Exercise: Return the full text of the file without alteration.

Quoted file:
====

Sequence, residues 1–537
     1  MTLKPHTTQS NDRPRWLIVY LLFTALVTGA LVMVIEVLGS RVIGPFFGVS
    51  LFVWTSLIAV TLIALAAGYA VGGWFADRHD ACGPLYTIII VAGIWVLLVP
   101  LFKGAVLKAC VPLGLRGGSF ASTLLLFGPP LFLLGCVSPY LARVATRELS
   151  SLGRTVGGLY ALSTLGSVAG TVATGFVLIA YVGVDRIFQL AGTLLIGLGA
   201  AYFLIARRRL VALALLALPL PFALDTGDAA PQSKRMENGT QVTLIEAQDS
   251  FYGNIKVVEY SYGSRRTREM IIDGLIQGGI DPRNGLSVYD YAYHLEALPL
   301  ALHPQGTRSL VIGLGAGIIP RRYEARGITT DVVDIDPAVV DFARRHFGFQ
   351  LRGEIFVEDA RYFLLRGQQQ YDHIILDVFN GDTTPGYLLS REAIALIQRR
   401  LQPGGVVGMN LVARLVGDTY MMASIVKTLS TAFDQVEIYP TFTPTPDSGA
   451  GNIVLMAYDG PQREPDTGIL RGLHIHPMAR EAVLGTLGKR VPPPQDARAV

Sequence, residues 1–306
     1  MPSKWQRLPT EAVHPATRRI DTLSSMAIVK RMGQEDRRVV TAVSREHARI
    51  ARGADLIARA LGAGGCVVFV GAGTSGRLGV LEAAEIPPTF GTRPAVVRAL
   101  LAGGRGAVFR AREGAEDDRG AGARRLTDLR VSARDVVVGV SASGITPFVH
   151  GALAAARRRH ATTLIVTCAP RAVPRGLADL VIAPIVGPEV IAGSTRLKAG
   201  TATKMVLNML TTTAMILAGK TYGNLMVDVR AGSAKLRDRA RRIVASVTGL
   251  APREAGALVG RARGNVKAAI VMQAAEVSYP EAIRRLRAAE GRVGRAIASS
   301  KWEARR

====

Sequence, residues 1–537
     1  MTLKPHTTQS NDRPRWLIVY LLFTALVTGA LVMVIEVLGS RVIGPFFGVS
    51  LFVWTSLIAV TLIALAAGYA VGGWFADRHD ACGPLYTIII VAGIWVLLVP
   101  LFKGAVLKAC VPLGLRGGSF ASTLLLFGPP LFLLGCVSPY LARVATRELS
   151  SLGRTVGGLY ALSTLGSVAG TVATGFVLIA YVGVDRIFQL AGTLLIGLGA
   201  AYFLIARRRL VALALLALPL PFALDTGDAA PQSKRMENGT QVTLIEAQDS
   251  FYGNIKVVEY SYGSRRTREM IIDGLIQGGI DPRNGLSVYD YAYHLEALPL
   301  ALHPQGTRSL VIGLGAGIIP RRYEARGITT DVVDIDPAVV DFARRHFGFQ
   351  LRGEIFVEDA RYFLLRGQQQ YDHIILDVFN GDTTPGYLLS REAIALIQRR
   401  LQPGGVVGMN LVARLVGDTY MMASIVKTLS TAFDQVEIYP TFTPTPDSGA
   451  GNIVLMAYDG PQREPDTGIL RGLHIHPMAR EAVLGTLGKR VPPPQDARAV

Sequence, residues 1–306
     1  MPSKWQRLPT EAVHPATRRI DTLSSMAIVK RMGQEDRRVV TAVSREHARI
    51  ARGADLIARA LGAGGCVVFV GAGTSGRLGV LEAAEIPPTF GTRPAVVRAL
   101  LAGGRGAVFR AREGAEDDRG AGARRLTDLR VSARDVVVGV SASGITPFVH
   151  GALAAARRRH ATTLIVTCAP RAVPRGLADL VIAPIVGPEV IAGSTRLKAG
   201  TATKMVLNML TTTAMILAGK TYGNLMVDVR AGSAKLRDRA RRIVASVTGL
   251  APREAGALVG RARGNVKAAI VMQAAEVSYP EAIRRLRAAE GRVGRAIASS
   301  KWEARR